Look under the hood of your modern vehicle and you are going to see all kinds of wires, sensors, and modules, among other things.
This means all these things are electronic and they need a good electrical supply, which starts at the battery. So, you’ve got to have good electrical connections or contacts on the battery. Fouled electrical contacts tend to have higher contact resistance because of arcing caused by carbon buildup and corrosion.
But don’t worry, we’ve got several tips and tricks on how to clean electrical contacts. This guide also provides additional information that will help with the maintenance of your electrical contacts.
What Are Electrical Contacts?
These are the most important elements in any electrical device in your vehicle. Electrical contact features two parts that are made of conductive material that allows electrical current to pass through when the gap between the two parts is opened or closed.
The gap is usually an insulating medium, such as vacuum, air, or any other insulating fluid that is electrically conductive. The contacts materials are normally highly conductive like gold or silver. But some economical electrical contacts are made of cheaper conductive materials.
Electrical contacts are engineered to be normally closed or normally opened. Some contact pads may be crowned while others are not.
Signs That Your Electrical Contacts Need Cleaning
These are the most common signs that will let you know that your electrical contacts need cleaning.
Accumulation of grease, dirt, and contaminants in your car’s electrical system can eventually lead to contact failure as well as malfunction.
Electrical contacts usually suffer fretting corrosion. You can consider fretting corrosion to be an increased deterioration or degree that takes place because of repeated oxidation or corrosion of the freshly abraded surfaces. When electrical contacts of your automobile are exposed to vibrations of contraction and expansion, the micro-movements between the contacts generate fretting wear.
Contacts that are made of cheaper materials and then coated with gold or sliver usually suffer the most when the gold or silver plate is worn out.
When two electrical contacts are attached, current will pass through them. But when the contacts are pulled apart an arc is formed as you disconnect the electrical supply.
The formation of the arc is because electricity wants to keep on flowing even after disconnecting the two contacts. The arc ionizes the air that exists between the two electrical contacts. The energy and temperature of the arc can easily damage your electrical contacts. The burning capacity of the electrical arc is usually increased by the amount of current flowing through.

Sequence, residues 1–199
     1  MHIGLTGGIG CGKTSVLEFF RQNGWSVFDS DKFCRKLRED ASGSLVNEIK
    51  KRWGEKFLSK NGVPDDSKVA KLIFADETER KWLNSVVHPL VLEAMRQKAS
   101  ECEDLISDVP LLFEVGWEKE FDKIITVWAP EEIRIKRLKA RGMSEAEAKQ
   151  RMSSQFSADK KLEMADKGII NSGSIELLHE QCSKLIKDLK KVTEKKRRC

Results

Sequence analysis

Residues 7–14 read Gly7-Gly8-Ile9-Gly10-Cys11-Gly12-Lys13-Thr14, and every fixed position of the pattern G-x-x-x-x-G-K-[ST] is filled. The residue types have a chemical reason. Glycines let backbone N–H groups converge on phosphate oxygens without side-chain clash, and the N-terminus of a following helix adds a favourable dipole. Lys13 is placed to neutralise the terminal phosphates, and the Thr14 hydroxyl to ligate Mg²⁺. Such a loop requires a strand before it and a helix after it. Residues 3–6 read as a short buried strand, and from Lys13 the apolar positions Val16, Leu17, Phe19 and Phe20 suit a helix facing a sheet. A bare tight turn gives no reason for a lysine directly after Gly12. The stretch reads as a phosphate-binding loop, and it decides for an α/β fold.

If arcing occurs repetitively, it usually damages the contacts, exposing them to carbon buildup as well as corrosion.
What Is a Contact Cleaner?
This is a relatively new technique for cleaning electrical contacts. With that said, an electrical contact cleaner is a specialized cleaning solution that is made up of a cleaning agent like isopropyl alcohol and compressed air.
It is the perfect choice for getting rid of carbon buildup, corrosion, oils, grease, and foods. It usually does a great job of dislodging foreign elements when cleaning electrical components.
You can also achieve good cleaning results when cleaning your electric contacts with nail polish remover, white vinegar, or rubbing alcohol. The best contact cleaners on the market normally have a high flash point, which will ensure the contacts remain energized during the cleaning process.
A cleaner with a low flash point could destroy the parts that are being cleaned and even start fires that may cause you injuries.
What to Look for When Selecting a Contact Cleaner
These are the most important things we think you should consider when selecting the ideal contact cleaner for your do-it-yourself (DIY) project.
Your safety when using a contact cleaning agent is very important, and that’s why you have to consider the flammability of the cleaner.
You should pay close attention to the flashpoint of the cleaning solution. This refers to the lowest temperature at which an electrical contact cleaner can form an ignitable mixture when exposed to air.
The ideal flash point should be above 145 degrees Fahrenheit. A cleaner with this specification is considered to be a non-flammable liquid. This is a very important aspect when you want the parts you are cleaning to remain energized.
If you settle for an electrical contact cleaner that has a low flash point, then the liquid can ignite, destroying your components. You could also get injured in the process when the liquid ignites unexpectedly.
The next important thing to consider is whether the cleaning agent is fully evaporative or a lubricant. Choose a cleaner that is fully evaporative when cleaning electrical contacts.